Margot is one of the game’s great defensive outfielders, and while he’s been at best an average hitter, it’s often more difficult to find an elite defender with passable offense than it is to find an above-average hitter with sub-par defensive skills. Margot would’ve been a free agent at season’s end, and a young one at that (28), but with any kind of offensive slip, his free-agent stock would’ve been severely hindered. He opted to lock in an eight-figure guarantee now, and while it’s a risk-averse approach for him, he also knows he can still hit the market at age 30.
Beyond Kluber, the Rays didn’t bring in any high-profile names, but they also didn’t really need to. Locking Franco up for the long haul was a franchise-defining move, and the majority of the talent by which he’s surrounded is already controlled affordably for years to come. If there’s one area the Rays could’ve perhaps been more proactive, it was in further acquiring rotation depth. Tampa Bay patched things together in 2021, looking ahead to an enviable core of Shane McClanahan, Shane Baz and Luis Patino atop the rotation mix. Even after they knew Glasnow would miss most of 2022, they still had Drew Rasmussen coming off a potential breakout, Brendan McKay and Yonny Chirinos on the mend, plus Ryan Yarbrough as an innings-eating option. But there are a lot of health concerns mixed into that group, and the Rays are again leaning on openers with Baz, McKay, Chirinos, Patino and Glasnow on the injured list. Luring veterans on minor league deals was probably difficult because of that deep reserve of pitching talent, but it’d be nice to have some extra hands to consider with so many injuries having arisen.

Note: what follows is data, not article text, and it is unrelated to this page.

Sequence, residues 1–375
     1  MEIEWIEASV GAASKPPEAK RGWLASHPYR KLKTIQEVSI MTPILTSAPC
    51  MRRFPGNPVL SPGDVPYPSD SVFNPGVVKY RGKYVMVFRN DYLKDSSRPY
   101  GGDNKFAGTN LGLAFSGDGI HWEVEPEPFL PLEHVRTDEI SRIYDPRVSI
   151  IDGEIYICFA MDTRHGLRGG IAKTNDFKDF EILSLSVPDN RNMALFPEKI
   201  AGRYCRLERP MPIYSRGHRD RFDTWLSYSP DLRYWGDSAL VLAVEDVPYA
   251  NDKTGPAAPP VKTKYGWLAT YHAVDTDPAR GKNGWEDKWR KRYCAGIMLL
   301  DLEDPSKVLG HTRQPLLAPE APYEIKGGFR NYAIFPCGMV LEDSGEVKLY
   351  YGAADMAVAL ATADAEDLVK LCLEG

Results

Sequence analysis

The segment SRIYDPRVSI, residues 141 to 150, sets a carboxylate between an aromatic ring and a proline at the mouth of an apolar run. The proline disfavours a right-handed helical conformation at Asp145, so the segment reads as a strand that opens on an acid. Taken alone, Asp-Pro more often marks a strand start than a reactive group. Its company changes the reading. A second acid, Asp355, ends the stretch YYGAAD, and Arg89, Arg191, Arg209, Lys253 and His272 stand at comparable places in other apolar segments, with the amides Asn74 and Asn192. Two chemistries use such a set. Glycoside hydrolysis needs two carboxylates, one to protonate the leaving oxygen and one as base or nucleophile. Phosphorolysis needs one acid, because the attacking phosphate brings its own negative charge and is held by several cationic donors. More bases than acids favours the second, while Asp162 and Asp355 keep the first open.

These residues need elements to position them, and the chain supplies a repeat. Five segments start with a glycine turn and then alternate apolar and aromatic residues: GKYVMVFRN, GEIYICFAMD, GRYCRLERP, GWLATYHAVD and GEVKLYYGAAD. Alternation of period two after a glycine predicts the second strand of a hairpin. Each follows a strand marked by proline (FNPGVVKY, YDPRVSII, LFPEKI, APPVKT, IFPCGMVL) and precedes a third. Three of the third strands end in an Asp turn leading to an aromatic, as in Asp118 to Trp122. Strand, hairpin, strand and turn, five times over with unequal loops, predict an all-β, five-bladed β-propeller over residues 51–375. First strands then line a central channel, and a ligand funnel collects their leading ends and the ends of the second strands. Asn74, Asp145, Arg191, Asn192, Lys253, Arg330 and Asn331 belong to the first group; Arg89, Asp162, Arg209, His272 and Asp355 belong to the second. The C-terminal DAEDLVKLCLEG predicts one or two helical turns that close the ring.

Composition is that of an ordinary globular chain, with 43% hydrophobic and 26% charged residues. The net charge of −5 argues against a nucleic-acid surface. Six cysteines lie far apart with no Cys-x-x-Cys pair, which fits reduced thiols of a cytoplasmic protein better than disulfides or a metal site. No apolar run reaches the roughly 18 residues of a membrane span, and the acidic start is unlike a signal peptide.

That minor critique aside, the Rays are yet again poised to compete for a division title even after yet again trading away some recognizable names. And on the position-player side of things, there’s effectively a top-100 prospect waiting in the wings should anyone other than Mike Zunino go down with an injury. Vidal Brujan can play the middle infield and the outfield. Josh Lowe is a plus defender in center. Curtis Mead is adept at either corner. The pipeline of young talent is seemingly endless at Tropicana Field, and that’ll serve the Rays well both in terms of roster depth and trade possibilities when they’re looking to improve this summer.